Thursday, December 17, 2015
Choosy mothers used to choose Jif,
Now, apparently, they've got a pretty good grip on the can of worms we affectionately refer to as the American presidential race.
Donald Trump appeared on Thursday’s Jimmy Kimmel Live to defend his call for a “complete and total shutdown of Muslims entering the United States until our country’s representatives can figure out what is going on.”
“The word is temporarily,” Trump said to host Jimmy Kimmel. “I have many, many friends who are Muslim. They’re great people. Some of them, not all of them – I will tell you, some of them aren’t thrilled with what I said – but many of them called me and said, ‘You know Donald, you’re right. We have a problem.’”
Trump’s remarks came in the wake of terrorist attacks in Paris and San Bernardino, California.
“Without looking at the various polling data, it is obvious to anybody the hatred is beyond comprehension,” Trump said in a statement on Dec. 7. “Where this hatred comes from and why we will have to determine. Until we are able to determine and understand this problem and the dangerous threat it poses, our country cannot be the victims of horrendous attacks by people that believe only in Jihad, and have no sense of reason or respect for human life.”
Speaking to Kimmel, the Republican presidential hopeful reiterated that stance. “We have people coming into our country who are looking to do tremendous harm. Look at Paris, look at what happened in Paris. These people, they did not come from Sweden,” Trump said. “We have a real problem. There’s a tremendous hatred out there. You can’t solve a problem until you find a root cause.”
According to Trump, many people have called him to say “thank you.” (To which Kimmel replied that maybe they were prank calls.)
As for whether his comments will “radicalize more terrorists,” as Nobel Peace Prize winner Malala Yousafzai recently suggested, Trump scoffed at the notion. “I really – this has come up, two days ago, a couple of people bought this up. I don’t buy it,” he said after Kimmel asked about the possibility that his Muslim ban comments could backfire. “I don’t buy that argument.”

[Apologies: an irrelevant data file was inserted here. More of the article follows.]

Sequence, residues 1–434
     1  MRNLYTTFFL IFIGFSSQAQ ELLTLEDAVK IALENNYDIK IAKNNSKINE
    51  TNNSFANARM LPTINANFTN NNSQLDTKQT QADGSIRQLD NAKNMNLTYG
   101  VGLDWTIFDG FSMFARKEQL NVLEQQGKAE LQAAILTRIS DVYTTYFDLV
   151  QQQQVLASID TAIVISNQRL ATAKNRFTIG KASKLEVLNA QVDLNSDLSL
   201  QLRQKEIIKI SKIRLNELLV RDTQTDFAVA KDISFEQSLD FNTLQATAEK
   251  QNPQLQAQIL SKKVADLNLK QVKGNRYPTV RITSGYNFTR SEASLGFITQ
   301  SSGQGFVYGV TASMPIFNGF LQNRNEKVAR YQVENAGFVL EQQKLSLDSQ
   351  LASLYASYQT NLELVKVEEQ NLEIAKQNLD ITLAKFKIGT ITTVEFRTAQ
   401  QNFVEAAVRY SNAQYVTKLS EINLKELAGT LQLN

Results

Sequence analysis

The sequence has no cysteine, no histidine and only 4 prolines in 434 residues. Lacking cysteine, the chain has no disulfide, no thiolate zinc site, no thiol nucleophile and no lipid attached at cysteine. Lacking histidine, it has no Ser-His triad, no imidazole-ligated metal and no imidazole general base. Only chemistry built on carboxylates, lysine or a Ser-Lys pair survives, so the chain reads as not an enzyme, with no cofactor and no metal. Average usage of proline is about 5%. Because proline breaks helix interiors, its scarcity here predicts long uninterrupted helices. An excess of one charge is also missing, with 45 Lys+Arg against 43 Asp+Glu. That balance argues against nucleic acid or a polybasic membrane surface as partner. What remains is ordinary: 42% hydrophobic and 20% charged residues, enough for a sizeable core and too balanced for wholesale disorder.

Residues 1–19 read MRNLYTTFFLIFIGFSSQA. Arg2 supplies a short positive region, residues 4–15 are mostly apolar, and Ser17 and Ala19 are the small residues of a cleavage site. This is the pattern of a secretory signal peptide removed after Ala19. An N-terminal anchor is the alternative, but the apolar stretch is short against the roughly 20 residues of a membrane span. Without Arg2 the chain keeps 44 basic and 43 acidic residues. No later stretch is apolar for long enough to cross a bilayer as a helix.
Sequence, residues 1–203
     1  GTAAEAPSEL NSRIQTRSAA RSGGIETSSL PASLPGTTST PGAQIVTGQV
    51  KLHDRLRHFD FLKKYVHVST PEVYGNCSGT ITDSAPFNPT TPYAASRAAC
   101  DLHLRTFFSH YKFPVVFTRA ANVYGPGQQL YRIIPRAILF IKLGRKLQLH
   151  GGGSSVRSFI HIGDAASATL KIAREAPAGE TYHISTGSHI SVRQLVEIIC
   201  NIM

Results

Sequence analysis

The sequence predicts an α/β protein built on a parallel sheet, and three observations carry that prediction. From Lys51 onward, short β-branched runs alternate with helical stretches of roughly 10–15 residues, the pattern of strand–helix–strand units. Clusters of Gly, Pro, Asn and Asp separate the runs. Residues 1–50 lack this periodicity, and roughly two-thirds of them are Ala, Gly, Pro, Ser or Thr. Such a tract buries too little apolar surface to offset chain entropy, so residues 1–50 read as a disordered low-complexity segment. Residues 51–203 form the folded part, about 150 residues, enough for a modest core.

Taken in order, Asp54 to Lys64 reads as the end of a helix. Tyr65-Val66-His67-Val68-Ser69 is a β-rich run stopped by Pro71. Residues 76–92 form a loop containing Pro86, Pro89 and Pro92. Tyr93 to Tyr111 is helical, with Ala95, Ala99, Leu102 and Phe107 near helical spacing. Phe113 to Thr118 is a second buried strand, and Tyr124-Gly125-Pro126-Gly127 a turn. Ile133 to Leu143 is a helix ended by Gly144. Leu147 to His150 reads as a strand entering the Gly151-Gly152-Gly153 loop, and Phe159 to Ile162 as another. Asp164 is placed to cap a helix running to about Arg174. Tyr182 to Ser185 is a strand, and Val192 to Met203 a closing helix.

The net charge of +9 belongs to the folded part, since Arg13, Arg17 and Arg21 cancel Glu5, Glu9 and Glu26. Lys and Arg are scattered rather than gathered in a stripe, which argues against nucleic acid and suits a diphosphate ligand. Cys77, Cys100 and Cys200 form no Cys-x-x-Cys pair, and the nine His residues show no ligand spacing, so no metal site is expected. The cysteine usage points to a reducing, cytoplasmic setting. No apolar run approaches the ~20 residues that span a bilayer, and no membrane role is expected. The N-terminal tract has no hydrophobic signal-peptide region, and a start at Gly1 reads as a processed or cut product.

One assumes, in that case, that Donald could pretty quickly come up with some folks who "have called him to tell him they don't buy that argument, either."
Some random thoughts.....
.....I readily admit to no university accredited degree(s) in psychology, but I feel confident one need not be a PhD to recognize one familiar, and constant, quirk of Donald's presentations. Like anyone whose bottom line confidence in their own presentation(s) and/or courage of their convictions is less than bedrock solid, Trump is constantly "backing up" his positions, proposals and/or posturings with the tried and true "people tell me that I'm right" brand of endorsement.
“I have many, many friends who are Muslim. They’re great people. Some of them, not all of them – I will tell you, some of them aren’t thrilled with what I said – but many of them called me and said, ‘You know Donald, you’re right.
According to Trump, many people have called him to say “thank you.”
And so on.
One imagines that if his mother were still alive, we'd likely be getting a fair amount of "my mom likes this idea"s thrown into Donald's rhetorical NutriBullet, as well.
All of which inevitably coats whatever merit, or lack, that any given position, proposal or posture has with the unmistakable scent of, at best, uncertainty and, at worst, desperation.
Not an appealing aroma in one who will be sharing space, and breathing air, with some of the world's more cocksure captains of state.
.....The sizable mass audience availability aside, there's another Jr. Shrink clue to be found in the repeated appearances on shows like Kimmel, Fallon, et al. (and, yes, Hillary does it, too...shut up, we're not dissing Hillary right now, we're dissing Donald)
Although the "tradition" of candidates for political office appearing on late night talk/comedy shows to plead their case goes, at least, all the way back to the 1960's (I personally recall a somewhat fish out of water guesting by Bobby Kennedy on the Merv Griffin Show), there's something to be, at least, lamented if not outwardly lampooned, about the contemporary Presidential election process including large doses of "heeeeeeeeere's Donald! (and, yes, alright, for Christ's sake, "heeeeeeere's Hillary!...happy now?)
For the sake of validating my own point, though, let's put my number two random thought aside.
And go with number one.
The number one in the polls who is also number one on my list of "hmmmm" here.
To paraphrase John Lennon....
maybe I'm / just a dreamer / but I'm not the only one.....
I'd like to witness a campaign for the Presidency of the United States that doesn't include, amongst the platitudes, slogans, catch phrases and bumper sticker fodder a modern day spin on that oldie but, brotherly, goodie....
"Mom always liked me best".